Remember The 911 Insider Trading,

a story that just went POOF?

Although the names in both cases are censored from the declassified document, thanks to some nice detective work by Kevin Ryan we know whom (in one case) the SEC was referring to. The identity of the suspicious trader is a stunner that should have become prime-time news on every network, world-wide. Kevin Ryan was able to fill in the blanks because, fortunately, the censor left enough details in the document to identify the suspicious party who, as it turns out, was none other than Wirt Walker III, a distant cousin to then-president G W Bush.

Several days before 9/11, Walker and his wife Sally purchased 56,000 shares of stock in Stratesec, one of the companies that provided security at the World Trade Center up until the day of the attacks. Notably, Stratesec also provided security at Dulles International Airport, where AA 77 took off on 9/11, and also security for United Airlines, which owned two of the other three allegedly hijacked aircraft. At the time, Walker was a director of Stratesec. Amazingly, Bush’s brother Marvin was also on the board.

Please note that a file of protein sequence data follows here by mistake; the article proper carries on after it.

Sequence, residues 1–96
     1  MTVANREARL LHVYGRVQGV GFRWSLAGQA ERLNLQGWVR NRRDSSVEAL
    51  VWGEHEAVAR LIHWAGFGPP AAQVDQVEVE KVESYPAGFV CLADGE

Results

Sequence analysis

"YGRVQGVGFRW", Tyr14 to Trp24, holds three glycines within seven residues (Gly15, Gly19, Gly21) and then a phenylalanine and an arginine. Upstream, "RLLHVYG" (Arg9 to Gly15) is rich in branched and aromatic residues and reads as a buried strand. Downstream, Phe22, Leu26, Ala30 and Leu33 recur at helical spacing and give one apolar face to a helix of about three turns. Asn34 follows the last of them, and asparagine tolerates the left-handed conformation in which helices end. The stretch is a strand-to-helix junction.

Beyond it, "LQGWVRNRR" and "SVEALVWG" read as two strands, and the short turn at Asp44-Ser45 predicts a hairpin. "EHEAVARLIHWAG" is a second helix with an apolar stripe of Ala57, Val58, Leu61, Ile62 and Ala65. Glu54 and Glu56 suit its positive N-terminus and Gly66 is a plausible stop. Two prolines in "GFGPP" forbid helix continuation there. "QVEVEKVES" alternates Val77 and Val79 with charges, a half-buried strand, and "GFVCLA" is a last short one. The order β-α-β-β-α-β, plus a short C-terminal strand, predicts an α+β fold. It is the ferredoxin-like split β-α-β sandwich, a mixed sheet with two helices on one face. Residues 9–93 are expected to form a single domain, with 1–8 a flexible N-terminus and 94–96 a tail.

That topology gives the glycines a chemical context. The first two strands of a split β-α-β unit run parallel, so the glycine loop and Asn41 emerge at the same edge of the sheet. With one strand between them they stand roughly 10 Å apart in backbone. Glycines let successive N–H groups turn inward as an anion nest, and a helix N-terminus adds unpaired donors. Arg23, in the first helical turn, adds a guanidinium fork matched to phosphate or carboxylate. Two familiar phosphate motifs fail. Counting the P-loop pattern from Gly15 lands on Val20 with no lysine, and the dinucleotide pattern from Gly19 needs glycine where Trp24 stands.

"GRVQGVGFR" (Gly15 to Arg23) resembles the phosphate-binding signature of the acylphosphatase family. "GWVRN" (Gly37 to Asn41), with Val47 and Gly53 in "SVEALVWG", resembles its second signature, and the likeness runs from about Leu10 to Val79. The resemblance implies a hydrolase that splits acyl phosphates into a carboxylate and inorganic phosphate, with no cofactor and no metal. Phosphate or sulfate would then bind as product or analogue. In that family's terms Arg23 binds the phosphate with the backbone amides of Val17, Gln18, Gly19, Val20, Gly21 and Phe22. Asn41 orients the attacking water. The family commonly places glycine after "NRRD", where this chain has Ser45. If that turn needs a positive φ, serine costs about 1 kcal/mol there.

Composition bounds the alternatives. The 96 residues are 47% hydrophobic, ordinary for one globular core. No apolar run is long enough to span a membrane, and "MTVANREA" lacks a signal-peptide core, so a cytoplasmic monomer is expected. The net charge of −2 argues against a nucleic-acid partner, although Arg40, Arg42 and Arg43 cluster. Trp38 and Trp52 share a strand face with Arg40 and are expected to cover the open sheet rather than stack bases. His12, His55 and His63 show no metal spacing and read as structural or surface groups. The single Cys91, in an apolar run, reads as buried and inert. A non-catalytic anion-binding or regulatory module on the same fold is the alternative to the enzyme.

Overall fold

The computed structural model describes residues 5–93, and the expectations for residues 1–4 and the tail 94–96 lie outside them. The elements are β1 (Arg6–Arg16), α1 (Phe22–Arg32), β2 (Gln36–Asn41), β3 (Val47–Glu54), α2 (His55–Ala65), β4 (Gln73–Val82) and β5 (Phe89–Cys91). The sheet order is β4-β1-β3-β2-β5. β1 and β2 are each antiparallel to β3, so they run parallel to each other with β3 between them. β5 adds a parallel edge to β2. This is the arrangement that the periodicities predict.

Walker’s investment paid off handsomely, gaining $50,000 in value in a matter of a few days. Given the links to the World Trade Center and the Bush family, the SEC lead should have sparked an intensive FBI investigation. Yet, incredibly, in a mind-boggling example of criminal malfeasance, the FBI concluded that because Walker and his wife had “no ties to terrorism … there was no reason to pursue the investigation.” The FBI did not conduct a single interview. [34]

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